Participants at a past Islamic finance forum. PHOTO | FILE | NATION MEDIA GROUP.
Islamic finance roots grow deeper in Kenya
The Insurance (Amendment) Act 2016 signed into law by President Uhuru Kenyatta last week, is set to enhance Kenya’s position as the premier Islamic financial hub on the African continent.
The move came a week after the Capital Markets Authority (CMA) was admitted by the Council of the Islamic Financial Services Board (IFSB) as an associate member of the board.
“The new law provides for the licensing and regulation of Takaful insurance business in Kenya in order to encourage international investment in this sector, which is a target area for the Nairobi International Financial Centre,” the Insurance (Amendment) Act 2016 reads.
Takaful is a co-operative system of reimbursement or repayment in case of loss, organised as an Islamic or Sharia-compliant alternative to conventional insurance products.
The IFSB, is based in Kuala Lumpur, Malaysia, it’s a global standard setting body, which promotes the development of a prudent and transparent Islamic financial services industry.
It does this through introducing new, or adapting existing, international standards consistent with Sharia principles and recommends them for adoption.
To date, IFBS has issued 26 standards, guiding principles and technical note for the Islamic financial services industry.
The decision to admit CMA was made at the 29th IFSB Council meeting held in Cairo, Egypt on December 14.
In October, the government launched the Islamic Finance Project Management Office (PMO).
The PMO is being overseen by the National Treasury with the technical and financial assistance of Financial Sector Deepening Africa (FSDA), and under the mandate delegated to it by Kenya’s Financial Sector Regulators Forum (FSRF).
The PMO is led by Islamic Finance Advisory and Assurance Services (IFAAS), an international consultancy firm specialised in Islamic finance, in collaboration with Simmons & Simmons, an international law firm.
CMA’s Chief Executive Paul Muthaura said the authority membership in IFSB is a key step towards the development of Kenya as an Islamic finance hub in the East African region, which is a critical component in the establishment of Nairobi as an international financial centre.
“Vision 2030 identifies financial services as a priority sector expected to play a central role and a key facilitator in the achievement of the vision,” said Mr Muthaura.
He added: “The economic pillar has, as one of its main strategies, the broadening of the product offering in the financial markets to both domestic and foreign investors. To help diversify the product portfolio, Kenya has for some time now been laying the foundation for making the country a financial services hub, with one of the focus areas being its emergence as an Islamic financial hub.”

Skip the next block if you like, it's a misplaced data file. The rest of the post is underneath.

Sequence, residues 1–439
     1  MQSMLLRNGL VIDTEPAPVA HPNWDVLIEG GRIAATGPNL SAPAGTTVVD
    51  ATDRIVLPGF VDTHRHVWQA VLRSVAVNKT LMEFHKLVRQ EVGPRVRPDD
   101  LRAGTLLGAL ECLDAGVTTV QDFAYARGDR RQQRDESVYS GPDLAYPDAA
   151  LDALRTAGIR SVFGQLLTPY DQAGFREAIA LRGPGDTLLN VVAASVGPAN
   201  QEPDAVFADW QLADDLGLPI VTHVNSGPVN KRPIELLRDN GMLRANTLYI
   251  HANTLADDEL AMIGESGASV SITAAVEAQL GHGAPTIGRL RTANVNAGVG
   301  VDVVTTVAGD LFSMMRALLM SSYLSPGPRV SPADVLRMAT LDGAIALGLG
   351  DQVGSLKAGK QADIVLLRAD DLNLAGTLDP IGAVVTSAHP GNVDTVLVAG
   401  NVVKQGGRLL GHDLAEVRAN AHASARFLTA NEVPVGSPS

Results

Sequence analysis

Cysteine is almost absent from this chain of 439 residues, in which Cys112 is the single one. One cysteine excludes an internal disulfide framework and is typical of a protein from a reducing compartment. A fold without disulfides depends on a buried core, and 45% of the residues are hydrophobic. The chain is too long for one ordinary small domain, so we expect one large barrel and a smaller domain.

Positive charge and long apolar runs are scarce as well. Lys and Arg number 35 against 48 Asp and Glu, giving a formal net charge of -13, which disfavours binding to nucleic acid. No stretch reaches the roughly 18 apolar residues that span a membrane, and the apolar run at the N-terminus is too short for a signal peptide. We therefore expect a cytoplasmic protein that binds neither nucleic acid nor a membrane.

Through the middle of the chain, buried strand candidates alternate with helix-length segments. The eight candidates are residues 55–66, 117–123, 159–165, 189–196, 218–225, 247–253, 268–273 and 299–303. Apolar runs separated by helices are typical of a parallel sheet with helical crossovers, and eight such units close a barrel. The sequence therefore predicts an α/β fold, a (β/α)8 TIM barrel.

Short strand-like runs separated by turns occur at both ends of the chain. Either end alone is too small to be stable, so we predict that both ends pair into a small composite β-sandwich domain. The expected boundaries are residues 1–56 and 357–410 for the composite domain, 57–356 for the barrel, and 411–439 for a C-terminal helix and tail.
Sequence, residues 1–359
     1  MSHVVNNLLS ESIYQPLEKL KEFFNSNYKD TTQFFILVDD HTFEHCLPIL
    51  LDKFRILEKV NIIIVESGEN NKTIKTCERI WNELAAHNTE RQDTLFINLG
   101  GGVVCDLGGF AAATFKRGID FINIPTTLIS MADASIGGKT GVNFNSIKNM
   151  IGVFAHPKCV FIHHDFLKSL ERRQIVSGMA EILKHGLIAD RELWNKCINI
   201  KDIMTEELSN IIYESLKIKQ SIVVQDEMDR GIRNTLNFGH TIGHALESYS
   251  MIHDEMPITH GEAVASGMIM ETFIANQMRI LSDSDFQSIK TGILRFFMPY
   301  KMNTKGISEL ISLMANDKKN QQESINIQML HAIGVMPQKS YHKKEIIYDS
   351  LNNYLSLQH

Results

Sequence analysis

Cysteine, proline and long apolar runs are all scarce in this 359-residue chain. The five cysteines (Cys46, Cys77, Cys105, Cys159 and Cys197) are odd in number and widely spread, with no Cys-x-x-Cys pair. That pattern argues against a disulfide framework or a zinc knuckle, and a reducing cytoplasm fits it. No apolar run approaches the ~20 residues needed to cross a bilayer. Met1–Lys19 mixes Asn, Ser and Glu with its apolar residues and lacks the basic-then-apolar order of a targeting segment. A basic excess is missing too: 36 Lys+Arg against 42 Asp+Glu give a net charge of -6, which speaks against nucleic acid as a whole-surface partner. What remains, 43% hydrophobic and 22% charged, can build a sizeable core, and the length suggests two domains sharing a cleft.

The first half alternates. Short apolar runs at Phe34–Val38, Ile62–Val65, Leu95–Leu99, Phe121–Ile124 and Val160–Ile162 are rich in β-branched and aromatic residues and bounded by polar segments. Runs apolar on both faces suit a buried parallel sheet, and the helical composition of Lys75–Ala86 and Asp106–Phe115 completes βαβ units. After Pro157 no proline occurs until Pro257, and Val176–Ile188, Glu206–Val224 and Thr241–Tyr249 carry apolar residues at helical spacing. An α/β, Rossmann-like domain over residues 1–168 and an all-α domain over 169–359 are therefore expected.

The IFSB’s Islamic Financial Services Industry Stability Report 2016 indicated that, the global Islamic financial services industry reached an overall total value of $1.88 trillion in 2015.
There are expectations of the market size growing to $3.4 trillion by end of 2018, an 81 per cent growth.
In the first half of 2015, the global Sukuk (Islamic bonds) amount outstanding stood at $291 billion, while Islamic fund’s assets figure was $71.3 billion.
During the 11 months to November 2015, the Takaful (insurance) sector was established to be $23.2 billion, while the Islamic banking sector’s assets stood at $1.5 trillion.
According to the CMA, Kenya’s Islamic finance market has also witnessed substantial growth over the last few years with several financial sector institutions of Islamic orientation operating presently.
This include two fully fledged Islamic banks and five Islamic windows, two credit union/saccos, one Takaful company, one Retaful window and one Capital Market Unit Trust Fund, as of September 2016.
Mr Muthaura observed that based on the global trends, the Islamic finance industry in the country remains largely untapped considering the significant real economy funding needs, particularly in the infrastructure realm, that are well aligned to Islamic or alternative financing structures.
“As an aspiring Islamic finance hub, with the right facilitative environment, we have a real opportunity to attract investment and capital inflows both from Muslim and non-Muslims locally and internationally,” said Mr Muthaura.
He added: “Kenya is in a unique position and only needs to implement policies that will further facilitate Islamic finance for it to reap the benefits of such efforts.”
The Insurance (Amendment) Act 2016, also enables the operationalisation of risk-based solvency requirements for insurers that were introduced in the Finance Act 2013.
Among those proposals is a requirement that an insurer should maintain a 100 per cent capital adequacy ratio at all times.